At the age of seventeen, Paige Alexander had it all planned. She wrote a letter, sat in the bath, and slit her wrists. Her plan failed.
Her best friend, Alex, is dead.
Paige can't get over her twin sister blaming her for a tragic event in their past.
Colorado is in the midst of voting on lesbian and gay rights and Paige is terrified to come out of the closet, fearful for her life.
Many people in Paige's life are keeping secrets from her. Will she piece everything together before it's too late?
In this gripping first-person narrative, a young college student grapples with more than first love or coming of age. In a world filled with homophobia, suicidal feelings, and a dysfunctional family, Paige cuts her wrists in an attempt to free herself from the crazy life that's all she's ever known.
Could there be new lessons in store for Paige? With the help of her girlfriend, friends, and a compassionate therapist, can Paige find the safe space she needs to heal, grow, and cut her strings?
Occasionally you find yourself hitting the 'reading wall'. It's that slump you get into when you find yourself reading the same thing over and over and over again. With me, for instance, I'm a big fan of reading paranormal based stories. There's absolutely nothing wrong with them, but I sometimes start feeling that genre lather, rinse and repeat, so to speak. The only way I've found to break the funk is to read something totally opposite of my norm and out of my snuggly, book comfort zone.
Marionette would not be something that I normally picked up, but the engrossing description compelled me to take the plunge into a gritty, realistic fiction. With themes of depression, suicide, sexual orientation, identity crises, isolation and a batshit-crazy family, Marionette was chock-full of messy realism. (Seriously, Paige had insane, power hungry parents that would make the 'Manson family' appear downright warm and fuzzy.) Paige is fighting a lot of demons in an uphill battle from page one. At first I thought, "Her situation can't be that bad...I mean, depression has a way of making an other wise sunny day seem dark and dreary.", but the more I read, the more foreboding I felt toward Paige's story. By the end I detested her parents and was shocked that Paige wasn't even more damaged than she already was.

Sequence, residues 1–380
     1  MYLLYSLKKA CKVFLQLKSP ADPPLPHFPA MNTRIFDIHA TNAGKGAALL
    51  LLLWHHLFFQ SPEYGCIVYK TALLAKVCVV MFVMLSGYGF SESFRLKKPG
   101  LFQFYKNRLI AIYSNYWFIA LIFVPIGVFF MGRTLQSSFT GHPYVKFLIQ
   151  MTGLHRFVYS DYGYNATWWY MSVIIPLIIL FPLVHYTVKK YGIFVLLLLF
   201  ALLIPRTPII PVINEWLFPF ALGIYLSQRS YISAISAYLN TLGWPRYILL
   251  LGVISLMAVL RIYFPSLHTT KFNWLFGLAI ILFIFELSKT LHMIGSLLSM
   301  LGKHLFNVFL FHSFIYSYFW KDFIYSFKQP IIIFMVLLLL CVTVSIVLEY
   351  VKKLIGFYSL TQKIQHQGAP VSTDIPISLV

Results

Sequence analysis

The best part of Marionette was that every turn of the page had me on edge for the conclusion. It unfolded beautifully and had me racing for the end at breakneck speed because of the subtle hint of mystery that Markinson slipped in. The ending was shocking, but somehow it felt right. All of the tragic build up that the author so skillfully weaved through the story lead Paige to something that felt like destiny. Not an easy thing to make a reader feel about a fictional character.
This Goth Girl Gives It:
-Actually, I never would have been here. I didn't want to find myself. Truth be known, I thought therapy was a huge waste of time, especially for me. I'm not depressed. I'm not crazy. I just want control.
-What in the hell did she mean by that? If I were braver, I would have asked. But I was logical, not brave. I didn't like people making assumptions about me, yet letting people make assumptions helped me stay hidden.
T.B. Markinson is a 39-year old American writer, living in England, who pledged she would publish before she was 35. Better late than never. When she isn't writing, she's traveling around the world, watching sports on the telly, visiting pubs in England, or taking the dog for a walk. Not necessarily in that order. She has published two novels: A Woman Lost and Marionette.
*Goth Girl Gabs was provided an ARC in exchange for an honest review*